Mechanism of Enhanced Broadband Emission
Nov. 7, 2018
The lattice distortion promotes a self-trapped exciton that emits broadband white light with a very high efficiency.
We revealed that the origin of the broadband emission in Na-doped Cs2AgInCl6 double perovskite is due to the formation of a special self-trapped exciton (STE). Pure Cs2AgInCl6 exhibits poor broadband emission due to inversion symmetry-induced parity-forbidden transition. Na-incorporation breaks the parity-forbidden transition and turns on the emission. As a result, the broadband emission photoluminescence quantum yield (PLQY) increases dramatically as the Na concentration increases. We further found that there is an optimal Na concentration to maximize the PLQY, in agreement with experimental results.
Significance and Impact
Systems with efficient and stable white emission are ideal for lighting but fundamentally difficult to achieve. Our results provide insights and design criteria for new materials that can further improve broad emission efficiency.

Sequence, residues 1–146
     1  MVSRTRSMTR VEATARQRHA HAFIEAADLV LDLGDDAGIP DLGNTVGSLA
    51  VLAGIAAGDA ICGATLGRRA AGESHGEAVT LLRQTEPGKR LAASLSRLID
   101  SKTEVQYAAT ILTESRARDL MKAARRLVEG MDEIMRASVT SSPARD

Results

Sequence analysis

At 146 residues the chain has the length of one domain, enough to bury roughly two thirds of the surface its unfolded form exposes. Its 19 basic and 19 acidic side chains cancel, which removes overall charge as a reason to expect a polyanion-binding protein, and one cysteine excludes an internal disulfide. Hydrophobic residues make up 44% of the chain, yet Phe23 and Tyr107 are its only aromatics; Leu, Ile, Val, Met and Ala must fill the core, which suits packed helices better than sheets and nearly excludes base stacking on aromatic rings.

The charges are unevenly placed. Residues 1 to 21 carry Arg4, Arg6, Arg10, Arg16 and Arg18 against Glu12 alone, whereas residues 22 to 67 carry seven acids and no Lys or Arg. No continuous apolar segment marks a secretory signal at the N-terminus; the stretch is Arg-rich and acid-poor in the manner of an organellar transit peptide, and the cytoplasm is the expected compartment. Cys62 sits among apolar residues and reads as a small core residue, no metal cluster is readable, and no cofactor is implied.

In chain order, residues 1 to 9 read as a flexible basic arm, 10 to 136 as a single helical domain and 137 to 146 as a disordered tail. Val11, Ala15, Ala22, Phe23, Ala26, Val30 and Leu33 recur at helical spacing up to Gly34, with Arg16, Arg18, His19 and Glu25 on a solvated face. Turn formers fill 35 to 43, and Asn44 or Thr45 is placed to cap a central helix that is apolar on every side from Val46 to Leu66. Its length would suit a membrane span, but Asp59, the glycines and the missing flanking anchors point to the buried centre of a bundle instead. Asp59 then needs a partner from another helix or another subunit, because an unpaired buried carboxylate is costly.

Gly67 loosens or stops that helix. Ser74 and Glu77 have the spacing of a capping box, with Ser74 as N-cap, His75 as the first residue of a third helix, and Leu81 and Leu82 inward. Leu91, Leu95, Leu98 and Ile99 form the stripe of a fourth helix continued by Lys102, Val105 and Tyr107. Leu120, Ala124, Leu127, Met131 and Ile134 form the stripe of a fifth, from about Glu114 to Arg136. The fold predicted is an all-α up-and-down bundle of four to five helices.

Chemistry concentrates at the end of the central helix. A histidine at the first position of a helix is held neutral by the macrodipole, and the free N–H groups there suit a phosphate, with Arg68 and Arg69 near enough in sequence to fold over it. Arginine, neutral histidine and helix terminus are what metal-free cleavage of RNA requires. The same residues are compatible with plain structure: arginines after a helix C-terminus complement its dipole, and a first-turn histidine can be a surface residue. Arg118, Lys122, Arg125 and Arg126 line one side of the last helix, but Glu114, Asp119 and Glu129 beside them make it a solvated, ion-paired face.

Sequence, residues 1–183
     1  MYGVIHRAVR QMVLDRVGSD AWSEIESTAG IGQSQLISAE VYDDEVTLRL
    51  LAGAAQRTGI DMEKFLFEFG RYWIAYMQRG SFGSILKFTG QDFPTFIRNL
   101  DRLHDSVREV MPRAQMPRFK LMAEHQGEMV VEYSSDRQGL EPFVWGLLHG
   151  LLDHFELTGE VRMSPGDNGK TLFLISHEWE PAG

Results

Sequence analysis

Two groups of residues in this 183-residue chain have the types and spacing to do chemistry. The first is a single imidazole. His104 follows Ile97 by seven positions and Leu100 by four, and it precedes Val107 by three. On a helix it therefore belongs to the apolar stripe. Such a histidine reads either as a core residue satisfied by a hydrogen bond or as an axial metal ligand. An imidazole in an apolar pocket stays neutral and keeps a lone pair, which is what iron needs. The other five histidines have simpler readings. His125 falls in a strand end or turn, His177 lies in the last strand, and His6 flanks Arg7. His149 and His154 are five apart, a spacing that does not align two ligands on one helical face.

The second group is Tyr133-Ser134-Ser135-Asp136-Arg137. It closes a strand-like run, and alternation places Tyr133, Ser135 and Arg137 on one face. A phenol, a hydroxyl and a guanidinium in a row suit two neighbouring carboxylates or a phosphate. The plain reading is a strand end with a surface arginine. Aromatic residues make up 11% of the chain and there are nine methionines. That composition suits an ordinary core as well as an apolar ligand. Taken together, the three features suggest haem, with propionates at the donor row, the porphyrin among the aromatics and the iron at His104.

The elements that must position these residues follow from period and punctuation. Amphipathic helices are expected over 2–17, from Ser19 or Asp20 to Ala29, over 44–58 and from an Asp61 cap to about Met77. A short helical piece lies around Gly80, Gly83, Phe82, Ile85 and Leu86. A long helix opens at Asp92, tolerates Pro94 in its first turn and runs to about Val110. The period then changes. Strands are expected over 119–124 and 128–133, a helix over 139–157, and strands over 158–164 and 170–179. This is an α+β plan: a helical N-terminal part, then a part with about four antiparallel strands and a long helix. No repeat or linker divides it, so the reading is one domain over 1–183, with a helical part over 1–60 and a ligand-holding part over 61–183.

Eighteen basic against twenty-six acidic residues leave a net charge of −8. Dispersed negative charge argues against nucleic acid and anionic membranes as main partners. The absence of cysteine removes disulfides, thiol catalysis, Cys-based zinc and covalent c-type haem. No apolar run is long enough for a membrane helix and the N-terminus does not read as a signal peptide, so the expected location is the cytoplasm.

- Cs2AgInCl6 exhibits poor broadband emission PLQY due to inversion symmetry-induced parity-forbidden transition.
- The PLQY can be dramatically improved via selected impurity-incorporation to break the parity-forbidden transition.
University of Toledo
Mechanistic investigations of PLQY in Cs2Ag1−xNaxInCl6. a. Transition dipole moment as a function of Na content. b. Parity change of the electron wavefunction of the STE before and after Na incorporation. c. Configuration showing the strengthened STE confinement by the surrounding NaCl6 octahedra. d. STE in Na¬ rich. The STE is located in two neighbouring octahedra (AgCl6 and InCl6). e. Configuration coordinate diagram of the STE formation in Cs2NaInCl6 (inset). The STE is located within a single distorted InCl6 octahedron. The separation of the electron and hole makes the optical transition weak.
Calculated versus observed broadband photoluminescence.